Aviation: COVID-19 and new travel restrictions cause chaos
It’s been a tumultuous year for the global aviation industry, due to travel restrictions and quarantine rules imposed to curb the spread of COVID-19.
Many travel industry participants now fear that the UK aviation industry could be facing unconquerable challenges after UK Prime Minister Boris Johnson enforced the toughest peacetime rules airports and airlines have ever seen.
Industry leaders have been forced to pigeonhole new projects due to the coronavirus crisis, lay-off staff, reduce flights and ground fleets to hedge their losses.
Boeing, which was once the world’s largest aerospace company, reported a net loss of USD 11.9BN in 2020, compounded by the 737 MAX grounding and COVID-related travel restrictions and bans, which has depressed demand for international travel.
The ADS Group’s chief executive, Paul Everitt, said that even if passenger demand returns to pre-pandemic levels, aerospace companies will fail to meet consumers’ needs due to a lack of capital.
Global aviation made a tentative recovery in the second half of 2020 as many countries introduced travel corridors. However, new challenges lie in wait for the industry amid calls to crack down on travel due to the spread of more lethal COVID-19 mutations.
Days after imposing a ban on all travel to and from the UK, British Prime Minister Boris Johnson told the House of Commons that all arrivals, including British nationals travelling from 30 “red list” countries would be required to isolate in designated quarantine hotels.
The ban meant flights from high-risk countries, which included South Africa, Portugal and the entire South American continent were subjected to the travel restrictions, which aimed to prevent new COVID variants from entering UK borders.
The UK Prime Minister said that staff at airports and ports would be questioning travellers about their reason for travel and those without a valid reason would be instructed to return home.
The UK government has since declared that holidays abroad will be illegal and result in a GBP 5,000 fine unless a valid reason is stated. Current restrictions state that the earliest people in the UK could go on a holiday abroad is 17th May, but there is still great uncertainty surrounding this.
The possibility of vaccine passports is also being discussed, meaning that UK citizens would not be able to travel unless they have received the coronavirus vaccine. Whilst many countries are in favour of this, there are still a significant amount of people which believe the rule to be discriminatory.
Aviation leaders warned new rules would cataclysmic for industry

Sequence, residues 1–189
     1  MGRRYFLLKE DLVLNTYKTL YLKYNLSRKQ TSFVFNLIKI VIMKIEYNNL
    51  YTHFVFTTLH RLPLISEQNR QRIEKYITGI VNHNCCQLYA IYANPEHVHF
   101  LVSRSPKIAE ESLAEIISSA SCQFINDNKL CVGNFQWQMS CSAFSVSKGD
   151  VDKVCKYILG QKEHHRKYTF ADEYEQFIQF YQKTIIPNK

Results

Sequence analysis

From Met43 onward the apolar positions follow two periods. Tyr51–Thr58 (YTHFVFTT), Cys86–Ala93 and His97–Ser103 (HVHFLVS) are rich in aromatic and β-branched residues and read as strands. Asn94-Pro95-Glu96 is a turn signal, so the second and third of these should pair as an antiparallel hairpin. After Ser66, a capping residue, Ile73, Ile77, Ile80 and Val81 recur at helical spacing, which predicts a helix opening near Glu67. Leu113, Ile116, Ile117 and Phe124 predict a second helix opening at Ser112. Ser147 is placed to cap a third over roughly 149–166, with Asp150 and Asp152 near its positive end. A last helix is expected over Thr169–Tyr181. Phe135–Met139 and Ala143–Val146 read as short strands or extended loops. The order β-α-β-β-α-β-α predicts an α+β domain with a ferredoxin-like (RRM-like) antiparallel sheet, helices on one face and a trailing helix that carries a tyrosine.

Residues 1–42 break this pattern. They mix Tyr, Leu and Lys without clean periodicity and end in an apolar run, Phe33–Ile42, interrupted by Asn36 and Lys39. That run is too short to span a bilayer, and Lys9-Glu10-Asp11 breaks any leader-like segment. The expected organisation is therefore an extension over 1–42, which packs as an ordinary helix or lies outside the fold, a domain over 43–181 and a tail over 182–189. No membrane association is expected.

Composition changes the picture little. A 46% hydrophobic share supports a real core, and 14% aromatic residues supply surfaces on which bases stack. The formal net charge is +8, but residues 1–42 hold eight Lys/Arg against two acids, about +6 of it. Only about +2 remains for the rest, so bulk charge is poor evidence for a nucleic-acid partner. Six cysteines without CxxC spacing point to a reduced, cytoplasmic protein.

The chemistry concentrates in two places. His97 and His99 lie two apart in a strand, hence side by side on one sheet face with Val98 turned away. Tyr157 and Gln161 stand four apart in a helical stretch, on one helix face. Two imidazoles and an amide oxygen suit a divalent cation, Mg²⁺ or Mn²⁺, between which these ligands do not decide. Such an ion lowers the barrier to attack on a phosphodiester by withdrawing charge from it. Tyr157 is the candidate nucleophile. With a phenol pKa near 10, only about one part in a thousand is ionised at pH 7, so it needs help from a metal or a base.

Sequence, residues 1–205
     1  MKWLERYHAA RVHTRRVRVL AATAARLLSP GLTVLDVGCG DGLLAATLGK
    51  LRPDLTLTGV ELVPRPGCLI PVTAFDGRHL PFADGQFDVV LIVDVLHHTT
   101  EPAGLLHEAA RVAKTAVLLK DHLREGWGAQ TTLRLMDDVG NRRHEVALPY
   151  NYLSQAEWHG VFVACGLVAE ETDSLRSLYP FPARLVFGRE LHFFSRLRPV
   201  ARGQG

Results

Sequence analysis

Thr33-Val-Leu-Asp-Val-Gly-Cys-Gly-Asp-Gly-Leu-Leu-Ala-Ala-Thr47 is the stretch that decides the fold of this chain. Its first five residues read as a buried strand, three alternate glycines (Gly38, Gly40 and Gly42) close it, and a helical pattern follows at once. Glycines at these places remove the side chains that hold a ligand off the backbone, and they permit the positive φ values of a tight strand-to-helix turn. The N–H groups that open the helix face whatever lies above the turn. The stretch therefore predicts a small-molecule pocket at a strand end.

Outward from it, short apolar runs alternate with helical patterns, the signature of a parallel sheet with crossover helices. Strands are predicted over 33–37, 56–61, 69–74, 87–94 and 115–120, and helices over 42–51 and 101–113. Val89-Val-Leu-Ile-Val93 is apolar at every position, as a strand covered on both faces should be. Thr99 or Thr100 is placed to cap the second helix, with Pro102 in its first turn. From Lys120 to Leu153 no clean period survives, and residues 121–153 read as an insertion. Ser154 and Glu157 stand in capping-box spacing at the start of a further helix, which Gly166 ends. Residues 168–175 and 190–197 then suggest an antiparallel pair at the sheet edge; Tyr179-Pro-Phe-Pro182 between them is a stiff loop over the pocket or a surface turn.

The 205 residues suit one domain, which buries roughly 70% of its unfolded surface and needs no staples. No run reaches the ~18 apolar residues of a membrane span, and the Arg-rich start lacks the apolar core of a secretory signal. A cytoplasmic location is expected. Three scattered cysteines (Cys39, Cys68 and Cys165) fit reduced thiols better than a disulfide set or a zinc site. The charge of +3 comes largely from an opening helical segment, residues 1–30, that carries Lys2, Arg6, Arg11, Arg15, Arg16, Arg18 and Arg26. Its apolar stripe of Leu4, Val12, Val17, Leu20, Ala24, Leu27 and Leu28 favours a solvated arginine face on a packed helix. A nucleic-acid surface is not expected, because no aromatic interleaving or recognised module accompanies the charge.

Aviation bosses have described the travel quarantine rules as a “death knell for UK tourism and travel” and said that questioning travellers will not only cause mass delays at airports but could result in an increase in compensation claims.
It comes as Priti Patel said that anyone wishing to travel outside of the UK would have to provide a “written declaration” detailing their reason for travel, which will be inspected by border control.
However, airlines and airports have warned the government that the lack of guidance on acceptable reasons for travel would create new issues for the industry.
EasyJet chief executive Johan Lundgren said: “We will have to be asking ‘What is the purpose of your trip?’ which adds another layer of complexity at the airport.”
It comes as EasyJet reported losses of GBP 400M for Q4 of 2020 and an 88% decline in Q1 revenue for this year, which has forced the low-budget carrier to reduce its flight programme to 10% until March.
EasyJet flew just 18% of its standard flight programme in the final three months of 2020. With UK lockdown restrictions set to continue until June, Britain’s busiest short-haul carrier could continue to limit its flight availability for the majority of 2021.
The company said that its cost-cutting efforts have helped reduce its cash burn to GBP 160M a month should they have to ground all aircraft; albeit at the cost of 1,400 jobs and the sale or leaseback of almost half its fleet.
EasyJet has insisted that it has enough liquidity to survive a prolonged period of reduced passenger demand and sees a release of pent-up demand on the horizon once lockdown restrictions are lifted. Still, the outlook for the aviation industry remains mostly uncertain.
Wizz Air is another airline that is convinced it can survive a prolonged period of reduced capacity.
Wizz Air confident that it has enough liquidity to stay afloat in Q1 of 2021
Wizz Air suffered a loss of EUR 149.9M or -76.5% in the last three months of 2020, but the company remains optimistic about its prospects in 2021.